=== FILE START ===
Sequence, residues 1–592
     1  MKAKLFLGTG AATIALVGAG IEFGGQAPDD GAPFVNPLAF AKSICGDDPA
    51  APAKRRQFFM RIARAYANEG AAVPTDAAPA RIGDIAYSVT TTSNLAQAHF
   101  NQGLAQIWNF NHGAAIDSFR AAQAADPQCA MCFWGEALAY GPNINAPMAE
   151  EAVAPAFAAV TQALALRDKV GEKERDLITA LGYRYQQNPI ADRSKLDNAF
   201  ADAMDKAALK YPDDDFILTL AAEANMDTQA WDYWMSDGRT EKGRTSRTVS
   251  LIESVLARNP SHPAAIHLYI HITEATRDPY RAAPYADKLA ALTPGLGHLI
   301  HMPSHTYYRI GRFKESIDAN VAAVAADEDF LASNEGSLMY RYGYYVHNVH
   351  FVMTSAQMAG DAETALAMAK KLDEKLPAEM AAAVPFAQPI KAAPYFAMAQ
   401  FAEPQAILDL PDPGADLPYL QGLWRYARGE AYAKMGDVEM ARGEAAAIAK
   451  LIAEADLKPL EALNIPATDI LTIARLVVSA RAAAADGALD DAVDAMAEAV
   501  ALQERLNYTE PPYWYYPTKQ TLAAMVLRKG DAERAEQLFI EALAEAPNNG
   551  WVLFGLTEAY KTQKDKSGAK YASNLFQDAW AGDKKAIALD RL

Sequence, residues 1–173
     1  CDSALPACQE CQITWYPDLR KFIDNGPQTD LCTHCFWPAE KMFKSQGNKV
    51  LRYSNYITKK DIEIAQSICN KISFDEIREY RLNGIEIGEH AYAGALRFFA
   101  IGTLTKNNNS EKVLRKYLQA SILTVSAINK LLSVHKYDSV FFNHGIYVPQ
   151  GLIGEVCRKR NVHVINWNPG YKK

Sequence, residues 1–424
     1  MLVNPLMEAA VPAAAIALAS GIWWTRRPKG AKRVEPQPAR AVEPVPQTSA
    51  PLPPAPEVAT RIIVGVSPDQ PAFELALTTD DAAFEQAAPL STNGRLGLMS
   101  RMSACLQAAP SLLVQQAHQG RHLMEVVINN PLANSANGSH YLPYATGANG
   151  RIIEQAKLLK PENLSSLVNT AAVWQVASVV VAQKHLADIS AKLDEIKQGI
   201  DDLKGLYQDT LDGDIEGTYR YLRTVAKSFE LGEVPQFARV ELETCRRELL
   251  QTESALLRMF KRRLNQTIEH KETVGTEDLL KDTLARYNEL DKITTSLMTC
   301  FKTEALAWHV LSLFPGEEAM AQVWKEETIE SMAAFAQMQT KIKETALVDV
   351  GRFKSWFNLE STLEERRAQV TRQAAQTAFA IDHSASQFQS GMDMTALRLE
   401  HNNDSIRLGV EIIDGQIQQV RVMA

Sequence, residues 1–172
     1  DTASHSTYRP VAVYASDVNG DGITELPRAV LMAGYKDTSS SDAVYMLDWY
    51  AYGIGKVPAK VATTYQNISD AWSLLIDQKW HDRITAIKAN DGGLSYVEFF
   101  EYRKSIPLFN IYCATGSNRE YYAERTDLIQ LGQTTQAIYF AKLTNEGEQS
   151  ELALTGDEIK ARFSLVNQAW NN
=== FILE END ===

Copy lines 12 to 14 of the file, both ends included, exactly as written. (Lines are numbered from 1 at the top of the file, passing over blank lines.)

   501  ALQERLNYTE PPYWYYPTKQ TLAAMVLRKG DAERAEQLFI EALAEAPNNG
   551  WVLFGLTEAY KTQKDKSGAK YASNLFQDAW AGDKKAIALD RL

Sequence, residues 1–173